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Indie Games: Retro Overkill

by on May 16, 2013
 

Retro culture is a problem for a lot of reasons. On one level it’s a problem because of creative stagnation. Rather than trying to do your own thing, you simply ape an earlier creation and try to get by off that thing’s popularity. On another it feels like a cheap tactic. When you promote something as retro, you exploit this feeling of nostalgia that people have in order to market your product.

In the game world, retro obsession is obviously a problem in the indie sector. Just go to any of the more indie-focused online stores like Desura or Indievania and you’re bound to find more than a few pixelly games.

At the end of the day, gameplay is your core here.

Now, there’s a whole other reason for retro obsession with indies; it’s easier to make a game with really simple graphics. That’s totally fine, I can live with that. What I mind is the much more disingenuous kind of dev: the guys that act like it’s a stylistic choice.

Now, let’s just be clear on something here. I don’t mind if your game looks like ass. I play tons of games with awful graphics, I really don’t have an issue with it. Just don’t try to act like it looks like ass on purpose. ‘Oh no, it’s not that our graphics are awful, it’s just that we wanted to remind you of the golden age of gaming’.  I mean, I’m pretty sure it’s not that hard to tell when a designer just wasn’t skilled enough for something more complex. Look at Minecraft. You check out their page and they don’t say a thing about retro or pixels. They prioritize their game. At the end of the day, gameplay is your core here.

Having said that, there are some remarkable examples of Pixel Art, which can be quite impressive. But if you’re going to go pixel, make something that’s really appealing on a visual level, a la Fez. Then at least you’ve done something interesting with the format.

Looks aside, I have a pretty big problem with games that go full-on retro. If your game looks like it’s from the NES era and it plays exactly it’s from the NES era. If all you did was recreate a very basic NES platformer, I’m sorry to inform you that you’ve done very little.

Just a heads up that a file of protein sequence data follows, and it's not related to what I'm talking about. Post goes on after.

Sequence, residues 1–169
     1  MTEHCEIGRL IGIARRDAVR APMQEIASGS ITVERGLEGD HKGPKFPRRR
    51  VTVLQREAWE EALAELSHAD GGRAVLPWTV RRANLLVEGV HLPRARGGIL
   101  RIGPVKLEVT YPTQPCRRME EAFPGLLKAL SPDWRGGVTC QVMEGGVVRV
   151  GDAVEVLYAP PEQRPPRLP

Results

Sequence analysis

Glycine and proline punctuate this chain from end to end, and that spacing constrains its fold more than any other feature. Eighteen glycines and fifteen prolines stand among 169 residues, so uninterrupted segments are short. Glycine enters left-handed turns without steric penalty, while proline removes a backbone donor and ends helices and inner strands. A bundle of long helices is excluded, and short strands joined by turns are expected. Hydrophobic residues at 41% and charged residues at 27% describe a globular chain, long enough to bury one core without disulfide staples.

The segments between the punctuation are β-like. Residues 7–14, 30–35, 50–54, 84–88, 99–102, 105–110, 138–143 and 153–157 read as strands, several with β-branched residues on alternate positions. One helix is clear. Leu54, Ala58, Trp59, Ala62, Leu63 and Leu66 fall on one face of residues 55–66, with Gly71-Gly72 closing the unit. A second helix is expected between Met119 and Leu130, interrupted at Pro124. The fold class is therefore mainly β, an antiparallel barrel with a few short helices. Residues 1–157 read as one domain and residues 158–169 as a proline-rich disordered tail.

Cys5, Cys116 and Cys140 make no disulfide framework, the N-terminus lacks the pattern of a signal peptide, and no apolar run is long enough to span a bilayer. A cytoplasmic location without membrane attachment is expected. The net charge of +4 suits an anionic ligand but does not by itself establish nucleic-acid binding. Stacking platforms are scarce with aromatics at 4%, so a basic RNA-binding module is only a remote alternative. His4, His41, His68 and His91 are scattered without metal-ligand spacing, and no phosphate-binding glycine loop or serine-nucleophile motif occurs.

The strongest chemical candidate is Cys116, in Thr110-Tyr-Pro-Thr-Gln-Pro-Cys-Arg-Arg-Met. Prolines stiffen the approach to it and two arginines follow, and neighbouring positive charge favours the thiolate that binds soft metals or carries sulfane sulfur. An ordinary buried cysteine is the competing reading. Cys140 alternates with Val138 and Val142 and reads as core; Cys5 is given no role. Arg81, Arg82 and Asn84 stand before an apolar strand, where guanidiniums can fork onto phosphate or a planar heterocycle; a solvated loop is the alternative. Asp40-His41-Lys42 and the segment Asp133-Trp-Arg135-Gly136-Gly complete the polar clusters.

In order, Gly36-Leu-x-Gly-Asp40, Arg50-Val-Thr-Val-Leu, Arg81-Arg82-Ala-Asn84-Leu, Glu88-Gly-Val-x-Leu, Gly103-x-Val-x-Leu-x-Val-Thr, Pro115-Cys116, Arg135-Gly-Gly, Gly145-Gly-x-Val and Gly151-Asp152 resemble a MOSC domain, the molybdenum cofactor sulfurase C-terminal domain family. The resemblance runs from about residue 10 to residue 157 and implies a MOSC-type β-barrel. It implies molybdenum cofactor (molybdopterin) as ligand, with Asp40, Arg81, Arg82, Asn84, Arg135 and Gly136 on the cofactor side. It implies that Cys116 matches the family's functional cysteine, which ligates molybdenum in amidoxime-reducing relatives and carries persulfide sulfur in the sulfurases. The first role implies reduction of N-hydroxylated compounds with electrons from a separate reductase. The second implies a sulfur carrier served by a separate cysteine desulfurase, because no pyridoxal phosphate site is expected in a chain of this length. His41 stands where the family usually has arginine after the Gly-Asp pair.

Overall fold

There’s a fuckton of retro gaming out there already

These retro games you’re recreating were a lot of things, but they were not that rare. The NES alone has over 700 titles. Now granted, most of those titles are probably shovelware, but the fact remains that there’s a fuckton of retro gaming out there already. Even the ultimate classics like Megaman and Castlevania have a dozen iterations each to them.

Mega Man X

We have emulators that allow us to experience these games across NES, MSX, C64, TurboGrafx and pretty much everything else out there. And even if you wanna do it legit, you can use the Virtual Console so you don’t feel like an idiot for buying a Wii. Your game has no reason to exist if it is totally indistinguishable from one of these games in terms of graphics and gameplay. Your game isn’t helping me relive a golden age, it’s adding to a saturated market.

Also, those guys made really minimalist games because that was all they could pull off. You read these stories about how the developers had to change colors on their design because they were pushing their 8-bit systems to the breaking point, and it makes you understand that a lot about these retro games was limitation, not inspiration.

Shank

On the topic of inspiration and limitation, I have nothing against taking major cues from the 8-bit era. You just have to end up with your own take on it. Take Shank for example. Shank is a side-scrolling beat-‘em-up that’s incredibly similar to Streets of Rage and Final Fight. The difference is that Shank is fluid as all hell, and it has this really well-implemented mix of melee and ranged combos. A dude saw me playing it once and said that’s just like those old games at the video arcade. But then I pointed out that those games feel like you’re steering a forklift through butter and they require this arcane precision to actually hit something. Shank took this really fun model and brought it into the modern era.

Understand that the classics were based on overcoming a limiting medium.

Same thing happened with Meat Boy. It aimed to recreate the classic platformer, but it made a variation based on speed and incredibly precise controls. I don’t know of any retro titles that are as smooth and fast as Meat Boy.

So essentially, I’m not saying you can’t look to the classics for inspiration. God knows they had some genius ideas and they have tons of potential. But don’t, y’know, make a photocopy of a classic. That’s just boring.

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  • charon
    June 2, 2013 at 10:49 AM

    I find this argument moot. This is supposed to be a ‘free market’ no? So everybody is allowed to sell what they are selling using any kind of advertising tactics they want. Selling a weakness as some kind of a strong point is one of the oldest tactics, right? “It’s not a bug, it’s a feature!” Just look at the mainstream game industry. They don’t usualy say “we are trying to sell you the same old thing, and it only looks better than the last thing because your hardware improved in the meantime.” They say “we streamlined the gameplay” (we dumbed it down so even a braindead can play it) or “remarkably innovative gameplay” (we copied Doom and added the ability to look up and down).


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